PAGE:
Maj. Gen. Winfield Scott Hancock once called Cushing, “The bravest man I ever saw.”

Scott Hartwig, a historian with the Gettysburg National Military Park in Pennsylvania, described the chaotic battle that pitted Cushing's 110 men against 13,000 charging Confederate troops to, 

"Clap your hands as fast as you can -- that's as fast as the shells are coming in," Hartwig said. "They were under terrific fire."

Continue reading "Gettysburg hero may get Medal of Honor 150 years later" »


Civil War Veteran, Pennsylvania, 1935

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Civil War Veteran, Pennsylvania, 1935, To have had a seat at the foot of this man…

The Civil War proved divisive long after the last drop of blood was shed. By 1890 all of the northern states celebrated the holiday at the end of May, but southerners honored their dead on different dates until after World War I—when the holiday lost its connection to Civil War soldiers only and became a way to honor all military lives lost.

The Civil War veteran above wears the cap of the Grand Army of the Republic (GAR)—the largest Union veterans’ organization—founded in 1866. The number on his cap signals that his post was 139, located in Scranton, Pennsylvania.

This prize-winning amateur photograph from the 1935 Newspaper National Snapshot Awards was taken by Mrs. Nathan Klein of Wyoming, Pennsylvania. The note on the back reads: “Old soldier talking to bootblacks.”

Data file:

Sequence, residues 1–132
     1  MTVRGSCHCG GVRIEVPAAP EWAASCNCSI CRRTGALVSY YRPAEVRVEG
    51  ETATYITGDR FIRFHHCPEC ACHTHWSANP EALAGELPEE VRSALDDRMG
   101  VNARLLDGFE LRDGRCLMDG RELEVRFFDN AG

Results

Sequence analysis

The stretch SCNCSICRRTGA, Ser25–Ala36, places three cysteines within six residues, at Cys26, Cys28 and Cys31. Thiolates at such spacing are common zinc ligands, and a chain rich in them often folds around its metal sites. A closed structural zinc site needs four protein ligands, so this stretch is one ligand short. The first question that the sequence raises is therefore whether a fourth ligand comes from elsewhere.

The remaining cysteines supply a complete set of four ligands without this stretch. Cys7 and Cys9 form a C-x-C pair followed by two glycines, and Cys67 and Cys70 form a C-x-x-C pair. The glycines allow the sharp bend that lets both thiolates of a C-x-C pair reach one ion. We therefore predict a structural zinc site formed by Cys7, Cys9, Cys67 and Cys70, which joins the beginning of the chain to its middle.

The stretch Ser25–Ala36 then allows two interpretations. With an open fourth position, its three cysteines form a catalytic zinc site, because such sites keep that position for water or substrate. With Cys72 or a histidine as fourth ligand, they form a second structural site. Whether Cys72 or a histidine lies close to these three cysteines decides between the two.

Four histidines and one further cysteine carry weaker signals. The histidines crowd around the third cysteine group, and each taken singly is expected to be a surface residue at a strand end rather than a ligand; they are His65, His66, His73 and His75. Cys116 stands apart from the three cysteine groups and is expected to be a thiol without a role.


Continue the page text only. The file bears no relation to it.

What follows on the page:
Credit to —Johnna Rizzo

From The Civil War Parlor

Source National Geographic


James Tanner

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James Tanner, Circa 1866 Collection of Michael Robert Patterso

A Famous Figure Lost to History- James Tanner, Army Stenographer was an amputee who lost both legs in Battle of Second Bull Run (Manassas)

Without This Man We Would Have No Comprehensive Record of the Night Lincoln Was Assassinated.

Tanner studied stenography and worked at the War Department in Washington. On the evening of April 14, 1865 he hurried to Ford’s Theater on hearing that President Lincoln had been shot. He remained there throughout the night with Secretary of War Edwin Stanton and took a complete shorthand notes as the search for the assassin was planned and carried out. His record of events that evening at the Peterson House (across from the theater) remain the most comprehensive record of the events that followed the President’s shooting. He later founded a Veteran’s organization and spoke at the dedication of the Confederate Memorial in Arlington National Cemetery.